-Z- (Z@Gundam.Com)
Thu, 08 Jun 2000 19:55:52 -0700


At 11:11 6/8/2000, you wrote:
>>In any case, living at the hub still puts you 32 km (20 miles) from the
>>nearest farm, where one of the three connectings tube intersects the
>>ring.
>
> The distances seems quite great, and I'm guessing that there would
>be habitation areas within the farmsat, if the farmsat is not rotating in
>sync with the cylinder.
>
> I certainly won't want to commute 30++ km just to look at a bunch of
>chickens everyday! =)

If they use the same "linear car" technology in the tubes that they use for
transport in the colony proper, they could zip through those tubes at up to
96 KPH (60 MPH) and travel 32 km (20 miles) in 20 minutes.

You may have noticed by now that much of what looked great on paper turns
out to have some severe problems when you begin tallying up the practical
considerations of each design element.

> Given that the colonist wanted to keep most industries outside of
>the cylinder proper, is it logical to assume that things like abattoirs and
>food processing plants would also be outside of the cylinder?

Everything but the residential and recreational areas is outside the
cylinder proper.

> It seems almost magical that they can fit so many industries into 72
>farmsats... =) Or maybe the outer hull of the cylinder proper is dotted with
>these industries, but it seems a trifle dangerous, what with micro-meteorite
>impacts and solar radiation.

The industries are divided into two categories, zero/low gee and
traditional, with the former staged in the cubic kilometer blocks at either
end and the latter on the outer hull -- "underground" from the viewpoint of
the inhabitants.

Solar radiation is minimized by the fact that the colonies are nose-on to
the Sun, presenting the least surface area, with solar collectors acting as
umbrellas to soak up as many rays as possible. Meteoroid ("meteor" is what
you get when a meteorid hits the atmosphere, "meteorite" is what's left
over after it hits) impacts are no more of a problem for the industrial
modules as for, say, the mirrors or the "windows" or the farmsats or any
other part of the colony, which are all at equal risk. "You pays you'
nickel and you takes you' chances...."

It's less of a problem than you might think. The Earth and Moon are
gravity wells that literally pull rocks out of the sky. A colony is just
another rock, minding its own business. The odds of two rocks running into
each other is vanishingly small.

Most likely, it'll be man-made debris that punches holes in a colony. When
it does, the hole will be relatively small -- three or four meters across
-- and someone will released beach ball sized balls of goo that will be
drawn to the breach by with the currents of escaping air. Upon impact,
either with the sharp edges of the breach or with one another, they rupture
and form a gel that quickly hardens into a temporary patch. This
"torimachi" (Japanese for "birdlime") is also used aboard space ships.

> How would a farmsat deal with such threats anyway? The cylinder
>proper is shielded by the outer shell, along with (IIRC) the idea that water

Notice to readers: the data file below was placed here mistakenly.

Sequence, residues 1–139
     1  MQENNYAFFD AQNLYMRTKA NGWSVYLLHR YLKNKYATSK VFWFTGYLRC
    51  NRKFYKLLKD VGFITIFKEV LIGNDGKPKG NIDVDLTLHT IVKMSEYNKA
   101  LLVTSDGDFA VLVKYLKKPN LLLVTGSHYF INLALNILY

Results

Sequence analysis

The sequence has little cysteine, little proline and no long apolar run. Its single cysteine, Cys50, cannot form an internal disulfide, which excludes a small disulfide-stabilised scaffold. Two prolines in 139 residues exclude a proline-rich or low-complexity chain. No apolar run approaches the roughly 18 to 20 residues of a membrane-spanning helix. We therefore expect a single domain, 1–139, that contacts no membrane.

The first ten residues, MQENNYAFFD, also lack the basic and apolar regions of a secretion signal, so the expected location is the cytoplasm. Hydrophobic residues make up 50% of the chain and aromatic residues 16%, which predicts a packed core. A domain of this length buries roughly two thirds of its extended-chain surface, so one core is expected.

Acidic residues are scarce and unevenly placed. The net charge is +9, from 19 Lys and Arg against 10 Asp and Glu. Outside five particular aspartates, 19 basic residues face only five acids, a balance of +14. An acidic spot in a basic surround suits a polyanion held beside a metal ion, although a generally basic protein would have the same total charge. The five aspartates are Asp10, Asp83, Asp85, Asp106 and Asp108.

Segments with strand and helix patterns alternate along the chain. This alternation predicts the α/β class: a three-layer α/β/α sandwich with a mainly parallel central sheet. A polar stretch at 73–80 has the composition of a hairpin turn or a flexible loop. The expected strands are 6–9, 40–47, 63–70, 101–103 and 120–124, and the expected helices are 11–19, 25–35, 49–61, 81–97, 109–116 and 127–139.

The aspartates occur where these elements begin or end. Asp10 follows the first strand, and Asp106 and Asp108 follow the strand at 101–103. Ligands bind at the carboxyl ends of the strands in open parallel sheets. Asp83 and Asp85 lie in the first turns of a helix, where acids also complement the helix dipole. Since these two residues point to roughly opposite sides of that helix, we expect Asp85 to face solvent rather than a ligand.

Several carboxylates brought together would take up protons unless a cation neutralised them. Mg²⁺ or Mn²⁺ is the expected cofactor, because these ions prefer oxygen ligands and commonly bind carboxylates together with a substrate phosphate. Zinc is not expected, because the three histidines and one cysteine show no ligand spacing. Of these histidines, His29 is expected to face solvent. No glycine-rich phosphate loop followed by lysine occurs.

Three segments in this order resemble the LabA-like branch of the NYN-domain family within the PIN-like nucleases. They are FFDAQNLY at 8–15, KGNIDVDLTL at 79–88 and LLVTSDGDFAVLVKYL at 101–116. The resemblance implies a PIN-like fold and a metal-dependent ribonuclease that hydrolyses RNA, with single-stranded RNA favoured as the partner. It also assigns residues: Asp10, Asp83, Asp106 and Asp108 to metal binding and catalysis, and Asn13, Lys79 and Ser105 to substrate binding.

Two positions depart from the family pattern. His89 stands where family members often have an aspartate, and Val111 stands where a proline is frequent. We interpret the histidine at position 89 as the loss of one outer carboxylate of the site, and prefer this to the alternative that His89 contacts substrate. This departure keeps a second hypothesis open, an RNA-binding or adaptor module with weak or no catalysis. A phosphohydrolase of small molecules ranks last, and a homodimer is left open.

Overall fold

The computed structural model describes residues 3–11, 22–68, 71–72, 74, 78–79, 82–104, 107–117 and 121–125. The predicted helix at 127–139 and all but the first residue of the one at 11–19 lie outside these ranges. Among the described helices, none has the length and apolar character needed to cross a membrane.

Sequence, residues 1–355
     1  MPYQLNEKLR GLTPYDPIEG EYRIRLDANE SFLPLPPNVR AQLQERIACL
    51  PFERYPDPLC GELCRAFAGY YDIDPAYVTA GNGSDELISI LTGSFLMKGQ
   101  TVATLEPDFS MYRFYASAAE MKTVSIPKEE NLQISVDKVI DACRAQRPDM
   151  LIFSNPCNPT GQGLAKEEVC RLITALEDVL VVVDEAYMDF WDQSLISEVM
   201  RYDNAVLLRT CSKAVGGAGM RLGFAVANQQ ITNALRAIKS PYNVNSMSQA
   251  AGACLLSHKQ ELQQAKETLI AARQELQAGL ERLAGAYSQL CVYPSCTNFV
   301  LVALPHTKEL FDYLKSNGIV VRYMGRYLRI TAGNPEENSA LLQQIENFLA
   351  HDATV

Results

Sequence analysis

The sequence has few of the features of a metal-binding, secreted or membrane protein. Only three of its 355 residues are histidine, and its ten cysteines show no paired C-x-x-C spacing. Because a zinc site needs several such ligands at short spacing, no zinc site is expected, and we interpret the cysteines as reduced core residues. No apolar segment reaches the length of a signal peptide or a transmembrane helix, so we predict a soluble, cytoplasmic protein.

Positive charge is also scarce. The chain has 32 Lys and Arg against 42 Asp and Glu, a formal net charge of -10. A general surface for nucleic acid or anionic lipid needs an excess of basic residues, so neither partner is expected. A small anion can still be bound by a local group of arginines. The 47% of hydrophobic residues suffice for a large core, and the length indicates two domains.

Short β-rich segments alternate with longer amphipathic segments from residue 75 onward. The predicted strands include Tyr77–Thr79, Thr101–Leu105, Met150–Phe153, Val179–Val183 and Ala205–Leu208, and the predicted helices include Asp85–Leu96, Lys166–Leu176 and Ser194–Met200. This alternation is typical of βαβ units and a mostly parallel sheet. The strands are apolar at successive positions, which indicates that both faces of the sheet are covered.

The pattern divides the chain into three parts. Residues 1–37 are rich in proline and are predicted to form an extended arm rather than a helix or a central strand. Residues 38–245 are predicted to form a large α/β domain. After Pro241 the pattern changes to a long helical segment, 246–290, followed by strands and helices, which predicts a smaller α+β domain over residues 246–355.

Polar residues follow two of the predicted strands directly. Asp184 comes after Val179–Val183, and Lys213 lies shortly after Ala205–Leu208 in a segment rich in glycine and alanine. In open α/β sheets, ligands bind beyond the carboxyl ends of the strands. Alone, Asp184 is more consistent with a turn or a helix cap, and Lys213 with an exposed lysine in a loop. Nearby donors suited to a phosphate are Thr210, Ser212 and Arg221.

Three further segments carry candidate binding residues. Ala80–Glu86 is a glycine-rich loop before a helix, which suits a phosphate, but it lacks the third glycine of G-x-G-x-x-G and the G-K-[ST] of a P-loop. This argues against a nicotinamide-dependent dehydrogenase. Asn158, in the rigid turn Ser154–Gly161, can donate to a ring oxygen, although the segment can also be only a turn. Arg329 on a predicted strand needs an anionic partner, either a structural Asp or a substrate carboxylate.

>might be kept between the hulls of the cylinder. But the farmsats are a bit
>small for this treatment, right?

The farmsats WANT the solar radiation, all they can get. They deal with
surplus by polarizing the glass, which is already near opaque to ultraviolet.

>>I think you might be able to support half a billion people it something
>>that large.
>
> Is such a cylinder feasible? I mean, why are most of the Side
>cylinders of 32km diameter and not larger, especially the Side 3.

I'm not sure that O'Neill himself believed that we could actually build
something as large and Earthlike as the Island Three cylinder. He simply
held is.flt as being possible and pushed for the first step, Island One,
which was basically a Bernal sphere. He waffled on the "intermediate"
step, Island Two, which he obviously hadn't given much thought. He may not
have even believed that Island One would fly, but that didn't matter. The
first step to a colony of any size was the solar power station satellite,
which was what O'Neill was really trying to sell.

Imagine if the space shuttle had been developed as a shuttle to
geosynchronous orbit, not low Earth orbit. If they'd signed on to even the
smallest part of the O'Neill High Frontier plan, we'd already have space
stations bigger than supertankers and they'd be doing real work, not just
stargazing.

>>I'll consider it, but I've got to draw the line somewhere and that's pretty
>>basic stuff.
>
> For you, maybe. For us newbies, not. =) We get a basic education in
>physics here, but it's not really obvious how some things connect to another.
>
>>Make it any longer than that and the Coriolis force at the
>>equator will be enough to turn it into a sphere -- the hard way.
>
> (^_^)
>
> So.. if we really want a big colony, would a sphere be the best
shape?

Not really, because you can only inhabit the "tropics" -- the relatively
level stretch between the equator and the 45th latitude to the north and
south. The cylinder really is the best shape for getting the maximum real
estate, because you can inhabit all but the endcaps. The torus is the most
economical and easy to build, which is why Wernher Von Braun latched onto
it back in the '50s.

A sphere would be best only if you
live on the OUTSIDE....

-Z-

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